Take the 2-minute tour ×
Stack Overflow is a question and answer site for professional and enthusiast programmers. It's 100% free, no registration required.

I have 2 versions of same dlls. Say named, Test.dll. I want to call 2 dlls from my console application.

I tried to use Extern alias. But it is calling new dll. I am calling these 2 dlls from my DAL class.

Any help would be appreciated.


share|improve this question

3 Answers 3

This is not the default way of how you do things in .net, therefore coding will not be easy in such a manner. As @Johnathon Reinhart says in his answer, you will have to use Assembly.Load (by passing the fully qualified assembly name to the function). Like this:

Assembly asmOld = Assembly.Load("MyAssembl, Version=, Culture=neutral, PublicKeyToken=ab1234567defabc1");
Assembly asmNew = Assembly.Load("MyAssembl, Version=, Culture=neutral, PublicKeyToken=ab1234567defabc1")

Moreover, you will have to keep reference to both assemblies and then use Assembly.CreateInstance to create instances of the types you need. After that, you will have to call members using reflection (something like this). Like this:

Ojbect objOld = asmOld.CreateInstance("MyApp.Namespace.Classname");
Ojbect objNew = asmNew.CreateInstance("MyApp.Namespace.Classname");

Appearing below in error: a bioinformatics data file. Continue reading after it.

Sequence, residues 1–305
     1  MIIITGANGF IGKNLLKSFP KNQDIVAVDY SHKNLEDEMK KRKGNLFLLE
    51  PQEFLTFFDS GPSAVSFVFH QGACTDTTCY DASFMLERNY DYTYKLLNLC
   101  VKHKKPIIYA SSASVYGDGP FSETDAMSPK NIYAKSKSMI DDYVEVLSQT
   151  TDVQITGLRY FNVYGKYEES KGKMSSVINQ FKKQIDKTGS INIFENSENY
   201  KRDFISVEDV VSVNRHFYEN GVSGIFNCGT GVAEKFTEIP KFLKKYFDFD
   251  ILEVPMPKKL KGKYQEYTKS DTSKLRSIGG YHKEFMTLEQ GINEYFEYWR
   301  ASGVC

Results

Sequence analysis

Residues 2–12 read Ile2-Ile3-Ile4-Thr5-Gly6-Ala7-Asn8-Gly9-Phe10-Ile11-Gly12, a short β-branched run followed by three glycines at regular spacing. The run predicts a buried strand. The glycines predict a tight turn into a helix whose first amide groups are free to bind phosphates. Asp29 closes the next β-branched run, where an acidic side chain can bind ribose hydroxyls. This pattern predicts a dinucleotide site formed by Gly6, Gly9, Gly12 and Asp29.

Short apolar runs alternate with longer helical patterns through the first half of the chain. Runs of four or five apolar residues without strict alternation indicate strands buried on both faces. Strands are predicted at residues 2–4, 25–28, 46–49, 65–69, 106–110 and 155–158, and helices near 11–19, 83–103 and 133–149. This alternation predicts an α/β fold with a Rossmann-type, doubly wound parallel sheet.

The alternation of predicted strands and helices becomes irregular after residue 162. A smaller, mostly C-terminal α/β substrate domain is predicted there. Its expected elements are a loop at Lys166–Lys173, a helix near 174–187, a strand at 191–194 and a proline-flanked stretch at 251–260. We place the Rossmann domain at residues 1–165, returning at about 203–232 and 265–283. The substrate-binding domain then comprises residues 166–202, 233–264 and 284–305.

objOld.GetType().InvokeMember("TestMethod", BindingFlags.InvokeMethod,null,obj,null);
objNew.GetType().InvokeMember("TestMethod", BindingFlags.InvokeMethod,null,obj,null);

To improve your code writing, you could use the LateCall from Microsoft.VisualBasic.CompilerServices to work with your objects. There is a nice wrapper for that by Andy Adinborough - http://andy.edinborough.org/Use-Late-Binding-in-C-Now-without-NET-4-0

share|improve this answer
thanks for quick response. However my method takes DTO object(custom object), need to findout way of executing it –  np. Nov 10 '11 at 5:52

I'm assuming that these DLLs are .NET assemblies, and not just standard C DLLs.

If so, I think you can specifically load the assembly with the static Assembly.LoadFrom(string assemblyFile). Then I think you can get a module from that assembly with Assembly.GetModule().

share|improve this answer

Your Answer


By posting your answer, you agree to the privacy policy and terms of service.

Not the answer you're looking for? Browse other questions tagged or ask your own question.